The Federal Housing commissioner testified today that expanded guidelines at the Federal Housing Administration will benefit about 500,000 subprime borrowers.
Brian D. Montgomery, assistant secretary for housing for the Department of Housing and Urban Development, said the FHASecure program has been expanded for borrowers who have been responsible with past credit, according to a transcript of his prepared testimony before the Committee on Financial Services, U.S. House of Representatives.
He said FHA will now insure loans up to 97 percent loan-to-value for borrowers with two late payments during the past 12 months. The agency will also insure 90 percent LTV loans for borrowers with up to three months of delinquency.
He explained that mortgage lenders can voluntarily write down some of the balance or carry a subordinate lien for part of the balance in order for borrowers to refinance with an FHA loan.
Montgomery said the agency is rolling out risk-based premiums pricing, which "will ensure the integrity of the FHA insurance fund over the long-term, protect the taxpayer and guarantee that FHA will be around to help struggling homeowners in the future."
"We believe that, by year's end, this new expanded version of FHASecure will reach more than a half-million homeowners," Montgomery stated. "This figure represents a substantial portion of the total universe of homeowners with subprime ARMs who are owner-occupants, have documentation to demonstrate their ability to repay the loan and are not already in foreclosure."
But he warned that mandatory write-downs, as the Senate is currently proposing, would make it impossible for a subordinate lien-holder to negotiate a short payoff and would significantly reduce the number of lenders and borrowers who would participate.
In addition, he cautioned against legislating looser underwriting guidelines that would subject FHA to too much risk. Among current Senate proposals he cited were the disregarding of some underwriting criteria by lenders and an increase in debt-to-income ratios.
He also emphasized the agency's position that seller-funded down-payment assistance needs to be prohibited because foreclosure on these loans are three times as high as loans where borrowers made the downpayments themselves.
"The administration also strongly opposes the $10 billion in loans and grants for the purchase and rehabilitation of vacant, foreclosed homes. The principal beneficiaries of this type of plan would be private lenders, who are now the owners of the vacant or foreclosed properties," Montgomery testified. "We do not believe that it is necessary to encourage mortgage holders to sell portfolios at a discount to new investors. The market does not need a government entity to play this role."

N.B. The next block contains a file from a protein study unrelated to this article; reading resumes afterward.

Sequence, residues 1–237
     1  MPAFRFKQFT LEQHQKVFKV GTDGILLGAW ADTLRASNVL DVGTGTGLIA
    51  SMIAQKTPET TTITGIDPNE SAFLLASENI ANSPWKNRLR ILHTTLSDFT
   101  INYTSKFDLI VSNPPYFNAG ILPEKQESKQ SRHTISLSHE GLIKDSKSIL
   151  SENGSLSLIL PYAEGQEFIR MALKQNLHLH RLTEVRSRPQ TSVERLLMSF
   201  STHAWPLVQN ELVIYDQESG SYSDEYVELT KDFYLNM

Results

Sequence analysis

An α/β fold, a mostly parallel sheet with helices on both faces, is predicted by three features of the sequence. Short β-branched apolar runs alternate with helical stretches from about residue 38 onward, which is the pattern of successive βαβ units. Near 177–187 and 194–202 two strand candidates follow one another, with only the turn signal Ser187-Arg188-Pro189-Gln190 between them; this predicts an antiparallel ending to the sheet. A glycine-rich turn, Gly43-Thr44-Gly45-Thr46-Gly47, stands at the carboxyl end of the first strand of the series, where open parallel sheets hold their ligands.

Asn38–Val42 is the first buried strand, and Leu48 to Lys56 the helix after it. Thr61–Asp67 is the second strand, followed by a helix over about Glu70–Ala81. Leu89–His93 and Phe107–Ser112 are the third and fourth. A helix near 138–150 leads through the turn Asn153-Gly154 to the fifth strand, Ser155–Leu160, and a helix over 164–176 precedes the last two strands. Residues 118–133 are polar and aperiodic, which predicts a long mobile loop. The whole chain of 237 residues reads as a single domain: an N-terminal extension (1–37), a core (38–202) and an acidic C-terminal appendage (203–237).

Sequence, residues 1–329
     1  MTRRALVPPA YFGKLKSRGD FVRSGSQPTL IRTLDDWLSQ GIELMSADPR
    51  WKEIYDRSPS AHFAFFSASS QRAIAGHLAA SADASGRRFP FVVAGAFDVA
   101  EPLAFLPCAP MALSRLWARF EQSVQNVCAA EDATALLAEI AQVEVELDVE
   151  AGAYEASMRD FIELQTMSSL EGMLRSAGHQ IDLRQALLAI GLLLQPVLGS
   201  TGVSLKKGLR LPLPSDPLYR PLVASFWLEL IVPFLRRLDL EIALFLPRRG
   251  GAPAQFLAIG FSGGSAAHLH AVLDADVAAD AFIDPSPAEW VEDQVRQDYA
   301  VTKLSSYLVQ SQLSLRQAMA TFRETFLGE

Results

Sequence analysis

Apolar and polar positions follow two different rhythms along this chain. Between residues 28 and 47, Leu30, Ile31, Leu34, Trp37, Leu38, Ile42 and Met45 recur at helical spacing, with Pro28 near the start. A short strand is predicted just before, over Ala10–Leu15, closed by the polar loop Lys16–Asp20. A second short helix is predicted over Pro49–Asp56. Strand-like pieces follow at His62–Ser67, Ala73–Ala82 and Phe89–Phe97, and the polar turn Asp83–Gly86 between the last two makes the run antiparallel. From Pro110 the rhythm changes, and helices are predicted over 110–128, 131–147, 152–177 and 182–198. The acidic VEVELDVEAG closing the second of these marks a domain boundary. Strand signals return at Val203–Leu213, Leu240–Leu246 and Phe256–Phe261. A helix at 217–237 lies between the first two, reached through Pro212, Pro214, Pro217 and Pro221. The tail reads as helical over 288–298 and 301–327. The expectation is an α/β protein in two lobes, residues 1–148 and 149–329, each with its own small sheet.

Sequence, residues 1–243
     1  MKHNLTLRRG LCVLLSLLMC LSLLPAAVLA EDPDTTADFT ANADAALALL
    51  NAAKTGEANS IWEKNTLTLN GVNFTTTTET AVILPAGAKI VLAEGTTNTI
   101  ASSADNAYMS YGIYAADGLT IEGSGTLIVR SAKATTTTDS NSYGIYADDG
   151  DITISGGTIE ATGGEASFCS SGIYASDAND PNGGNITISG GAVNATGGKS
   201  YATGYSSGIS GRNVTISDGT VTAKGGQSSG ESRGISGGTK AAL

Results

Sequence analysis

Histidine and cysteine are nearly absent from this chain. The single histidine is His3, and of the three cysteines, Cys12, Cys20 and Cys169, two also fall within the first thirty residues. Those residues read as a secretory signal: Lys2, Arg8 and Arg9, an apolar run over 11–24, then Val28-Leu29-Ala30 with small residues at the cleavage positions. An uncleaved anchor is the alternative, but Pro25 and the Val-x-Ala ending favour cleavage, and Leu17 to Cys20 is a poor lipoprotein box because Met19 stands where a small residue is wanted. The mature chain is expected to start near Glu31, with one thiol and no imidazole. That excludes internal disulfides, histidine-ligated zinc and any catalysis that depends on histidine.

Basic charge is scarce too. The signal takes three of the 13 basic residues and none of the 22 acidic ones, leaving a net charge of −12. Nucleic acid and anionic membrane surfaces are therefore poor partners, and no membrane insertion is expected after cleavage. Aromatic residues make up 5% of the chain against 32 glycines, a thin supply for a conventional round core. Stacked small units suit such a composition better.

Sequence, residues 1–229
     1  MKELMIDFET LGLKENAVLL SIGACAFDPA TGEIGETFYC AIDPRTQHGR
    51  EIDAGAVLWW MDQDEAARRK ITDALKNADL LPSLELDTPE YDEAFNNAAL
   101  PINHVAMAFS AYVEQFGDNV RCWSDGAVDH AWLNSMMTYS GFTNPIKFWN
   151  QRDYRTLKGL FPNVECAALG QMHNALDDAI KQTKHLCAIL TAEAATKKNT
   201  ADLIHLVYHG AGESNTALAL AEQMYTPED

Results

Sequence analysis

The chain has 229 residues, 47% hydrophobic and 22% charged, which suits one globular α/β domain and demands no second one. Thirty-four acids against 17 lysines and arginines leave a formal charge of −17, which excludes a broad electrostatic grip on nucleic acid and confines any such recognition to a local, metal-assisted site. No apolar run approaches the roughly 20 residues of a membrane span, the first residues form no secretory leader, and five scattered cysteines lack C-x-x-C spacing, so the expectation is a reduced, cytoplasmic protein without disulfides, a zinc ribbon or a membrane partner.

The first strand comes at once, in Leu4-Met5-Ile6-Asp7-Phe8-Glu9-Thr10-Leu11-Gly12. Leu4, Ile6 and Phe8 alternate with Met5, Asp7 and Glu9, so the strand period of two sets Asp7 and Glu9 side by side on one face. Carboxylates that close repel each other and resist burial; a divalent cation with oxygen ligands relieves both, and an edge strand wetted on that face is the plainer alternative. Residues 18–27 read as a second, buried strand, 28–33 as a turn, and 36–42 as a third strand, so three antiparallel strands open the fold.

Federal Reserve Gov. Randall S. Kroszner also testified before the committee.
He noted subprime adjustable-rate 90-day delinquency stood at 24 percent in January -- double its level a year earlier, according to a transcript of his prepared testimony. He added that foreclosures on all loans reached 1.5 million last year, an increase of 53 percent over 2006, and will rise even higher this year. He said estimates of losses on foreclosed loans are in excess of 50 percent.
Kroszner suggested write-downs on loans should be limited to borrowers with high DTIs and LTVs in excess of 100 percent. But he explained it should be left up to the servicer. He said borrowers should be discouraged from quickly cashing in on a write-down by being subject to an exit fee when the loan is paid off, giving the government an interest in equity appreciation or sharing equity with the lender that wrote down the loan.
He supported risked-based FHA premiums, which will minimize the cost to taxpayers while enabling FHA to help more delinquent borrowers. He also called for lenders to be accountable for the performance of FHA refinances through either penalties, repurchase liabilities or incentives.
"An FHA-insured refinancing product with insurance priced to reflect the risks to the taxpayers might encourage servicers to consider providing delinquent, at-risk mortgage borrowers a principal write-down as a loan modification alternative," Kroszner stated.